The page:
Narratively: “Moonlight Rollerway (formerly known as Harry’s Roller Rink) opened in 1956 and occupies a building that was originally built as a factory for aircraft parts during World War II. Although there are traces of the intervening decades – a disco ball, gold tinsel, a rainbow carpet from the 1980s, a digital photo booth – owner Dominic Cangelosi, 80, has made a point of keeping the place’s character largely true to its original form. But what is perhaps most remarkable about Moonlight Rollerway is the fact that it is one of the last rinks in the country to feature a live organ player – as was standard in the ’50s – and that some of its current regulars have been coming since it first opened in 1956. Cangelosi isn’t exactly new to Moonlight, either. He started playing organ at the rink in the ’60s, and in 1985, he used his life savings to buy the place.”
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Trump net job-approval rating: -16.2 points
Change from one week ago: -3.6 points
HURRY UP AND WAIT: SENATE STANDING BY ON HEALTH VOTE
NY Post: “A new scoring of the GOP-backed health care bill by the non-partisan Congressional Budget Office has been delayed, further clouding the fate of the effort to repeal and replace ObamaCare. Senate Majority Leader Mitch McConnell postponed a vote on the plan scheduled for this week as Sen. John McCain recovers from surgery over the weekend to remove a blood clot. The Arizona Republican is among a handful of GOP lawmakers who are on the fence over how to overhaul ObamaCare. Many were waiting for the CBO’s latest score of the plan, expected Monday, to determine whether they would support it. But it has been delayed, Republicans said on Sunday. An earlier estimate from the independent number-crunching agency determined that 22 million Americans would lose health care in the next 10 years and premiums and out-of-pocket expenses would sharply increase for low-income people and those nearing retirement.”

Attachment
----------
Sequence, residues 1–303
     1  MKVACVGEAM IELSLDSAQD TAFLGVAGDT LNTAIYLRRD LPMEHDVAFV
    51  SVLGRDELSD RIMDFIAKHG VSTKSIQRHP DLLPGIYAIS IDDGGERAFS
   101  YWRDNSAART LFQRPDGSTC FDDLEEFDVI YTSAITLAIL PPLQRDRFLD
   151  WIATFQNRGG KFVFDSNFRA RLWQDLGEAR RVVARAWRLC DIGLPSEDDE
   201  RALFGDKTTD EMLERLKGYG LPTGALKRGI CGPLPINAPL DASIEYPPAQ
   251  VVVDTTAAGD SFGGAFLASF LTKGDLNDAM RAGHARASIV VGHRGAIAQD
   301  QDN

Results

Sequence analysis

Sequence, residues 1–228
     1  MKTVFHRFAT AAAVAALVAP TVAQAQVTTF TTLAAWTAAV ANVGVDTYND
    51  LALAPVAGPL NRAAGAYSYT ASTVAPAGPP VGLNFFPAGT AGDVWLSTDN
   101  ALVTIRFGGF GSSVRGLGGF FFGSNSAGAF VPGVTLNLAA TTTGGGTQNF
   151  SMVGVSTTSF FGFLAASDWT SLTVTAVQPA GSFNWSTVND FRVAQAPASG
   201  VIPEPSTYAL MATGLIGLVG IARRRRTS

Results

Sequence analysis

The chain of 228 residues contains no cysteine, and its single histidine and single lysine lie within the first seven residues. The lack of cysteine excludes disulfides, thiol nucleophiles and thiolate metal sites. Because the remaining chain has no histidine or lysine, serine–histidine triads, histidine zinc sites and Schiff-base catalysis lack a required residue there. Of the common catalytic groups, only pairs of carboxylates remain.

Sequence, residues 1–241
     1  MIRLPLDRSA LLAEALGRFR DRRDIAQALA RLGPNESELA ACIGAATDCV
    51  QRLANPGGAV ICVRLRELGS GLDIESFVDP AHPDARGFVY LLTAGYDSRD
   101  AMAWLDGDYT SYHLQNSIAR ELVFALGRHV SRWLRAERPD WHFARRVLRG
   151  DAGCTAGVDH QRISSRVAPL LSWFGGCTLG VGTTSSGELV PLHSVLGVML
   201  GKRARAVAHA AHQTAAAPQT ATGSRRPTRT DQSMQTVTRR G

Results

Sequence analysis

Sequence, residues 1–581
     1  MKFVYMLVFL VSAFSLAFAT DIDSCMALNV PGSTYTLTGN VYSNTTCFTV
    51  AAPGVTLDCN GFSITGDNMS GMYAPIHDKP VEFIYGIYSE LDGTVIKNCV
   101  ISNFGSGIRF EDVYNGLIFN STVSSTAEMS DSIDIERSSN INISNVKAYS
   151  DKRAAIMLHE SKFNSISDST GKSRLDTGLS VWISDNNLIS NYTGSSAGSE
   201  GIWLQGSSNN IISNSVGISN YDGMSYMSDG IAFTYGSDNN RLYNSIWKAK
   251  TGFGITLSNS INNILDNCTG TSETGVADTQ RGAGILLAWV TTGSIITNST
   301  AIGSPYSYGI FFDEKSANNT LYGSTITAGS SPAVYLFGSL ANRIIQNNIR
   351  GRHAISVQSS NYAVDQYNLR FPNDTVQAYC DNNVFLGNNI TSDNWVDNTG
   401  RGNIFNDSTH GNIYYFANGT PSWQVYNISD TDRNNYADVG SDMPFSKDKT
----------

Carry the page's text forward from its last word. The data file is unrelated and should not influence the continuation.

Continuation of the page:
With new delay, Senate has no timetable - Wash Times: “Sen. John McCain’s absence has left the Senate with no timetable for a vote to repeal and replace Obamacare, but some Republicans doubt the proposed health care bill has the votes to pass even with the upper chamber at full strength. Senate Majority Leader Mitch McConnell, Kentucky Republican, indefinitely postponed a vote planned for this week to give Mr. McCain time to recover from a procedure to remove a blood clot above his eye. … Two Republicans, conservative Sen. Rand Paul of Kentucky and centrist Sen. Susan M. Collins of Maine, have come out publicly against the health care bill. … Mr. Paul said the delay could blunt any momentum Republicans have built up and give undecided senators a chance to examine the bill’s shortcomings.”